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I did not know anything about the real life incidents that led to the formation and breakup of N.W.A., nor did I know anything about the West-East struggle for Hip Hop supremacy, or the clash with the police force. Nor do I care a lot, to be honest, as most of the people involved in this seem like a thoroughly despicable bunch I would not want to meet in the dark, or at all. As I do have some appreciation of the work Dr. Dre has done over the years (in particular with Eminem, so not part of this film’s story), I found my character to develop an interest in. As I had never even heard of Eazy-E, and only vaguely know about Ice Cube, but have no clue on whether this is a rap force to be taken seriously, the whole narrative was a bit skewed to me. It still works, though. The film does convey where the anger of the gangsta rap comes from, what combination of harassment, disillusionment and macho attitude plays together to produce an almost comic level of mutual hatred and rage. While it is not clear exactly how this particular group of musicians made it to fame beyond their own neighbourhood, maybe that’s exactly the point. There is a lot of coincidence involved, a lot of being in the right place at the right time, and only a few of the characters (again, maybe Dre in particular) appear to have worked hard and systematically on their professional career. Then how this mostly street gang bunch clashes with the mechanisms of the music market, how their urge to make to riches and all that comes with it makes them blind to the consequences of what they are doing, and also makes them blind to their actual economic positions and vulnerably exposed to those who do. I liked the ambiguous role of manager Jerry (played brilliantly by Paul Giamatti, Oscar for best wig guaranteed), at least I could never quite decide whether the suspicions about his abuse of his position were justified, or whether he is right when insisting “This is how it works.”.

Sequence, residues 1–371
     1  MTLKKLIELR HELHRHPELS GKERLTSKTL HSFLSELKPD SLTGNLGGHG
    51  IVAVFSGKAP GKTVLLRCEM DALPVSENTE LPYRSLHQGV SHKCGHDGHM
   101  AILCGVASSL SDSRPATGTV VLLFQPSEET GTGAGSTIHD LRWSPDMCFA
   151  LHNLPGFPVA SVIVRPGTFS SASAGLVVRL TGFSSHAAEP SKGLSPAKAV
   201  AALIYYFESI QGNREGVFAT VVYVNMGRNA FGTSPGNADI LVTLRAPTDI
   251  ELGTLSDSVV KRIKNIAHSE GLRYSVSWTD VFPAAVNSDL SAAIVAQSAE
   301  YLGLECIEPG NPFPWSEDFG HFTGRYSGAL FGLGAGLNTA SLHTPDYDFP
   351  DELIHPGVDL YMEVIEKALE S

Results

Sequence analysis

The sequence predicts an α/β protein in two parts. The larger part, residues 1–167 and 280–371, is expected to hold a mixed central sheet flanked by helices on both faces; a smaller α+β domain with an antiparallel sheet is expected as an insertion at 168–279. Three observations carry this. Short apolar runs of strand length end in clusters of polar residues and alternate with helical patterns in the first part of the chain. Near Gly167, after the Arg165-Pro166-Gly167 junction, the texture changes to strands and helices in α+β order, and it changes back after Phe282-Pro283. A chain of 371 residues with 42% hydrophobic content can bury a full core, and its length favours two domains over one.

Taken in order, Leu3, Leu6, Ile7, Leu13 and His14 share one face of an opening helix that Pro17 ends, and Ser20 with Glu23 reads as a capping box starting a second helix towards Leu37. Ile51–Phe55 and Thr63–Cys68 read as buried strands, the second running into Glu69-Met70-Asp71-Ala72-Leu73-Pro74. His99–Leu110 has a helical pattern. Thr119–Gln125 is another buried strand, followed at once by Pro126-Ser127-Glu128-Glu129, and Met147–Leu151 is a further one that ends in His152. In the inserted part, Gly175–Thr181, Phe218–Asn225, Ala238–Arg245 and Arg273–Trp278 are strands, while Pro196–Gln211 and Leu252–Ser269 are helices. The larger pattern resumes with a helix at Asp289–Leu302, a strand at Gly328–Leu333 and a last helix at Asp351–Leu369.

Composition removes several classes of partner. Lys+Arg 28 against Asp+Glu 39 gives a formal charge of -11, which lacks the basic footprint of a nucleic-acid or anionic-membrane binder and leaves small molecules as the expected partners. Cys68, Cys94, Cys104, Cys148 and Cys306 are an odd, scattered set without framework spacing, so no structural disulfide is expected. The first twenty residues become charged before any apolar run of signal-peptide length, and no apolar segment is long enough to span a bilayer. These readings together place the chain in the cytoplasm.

A mostly strong cast of guys and girls I did not know, very credible in their physique and demeanor, with special mention to the Suge Knight, a truly terrifying presence.

And the music: I don’t mind hip hop and rap (while I don’t even know how to use either term correctly), so this was a powerful movie experience.

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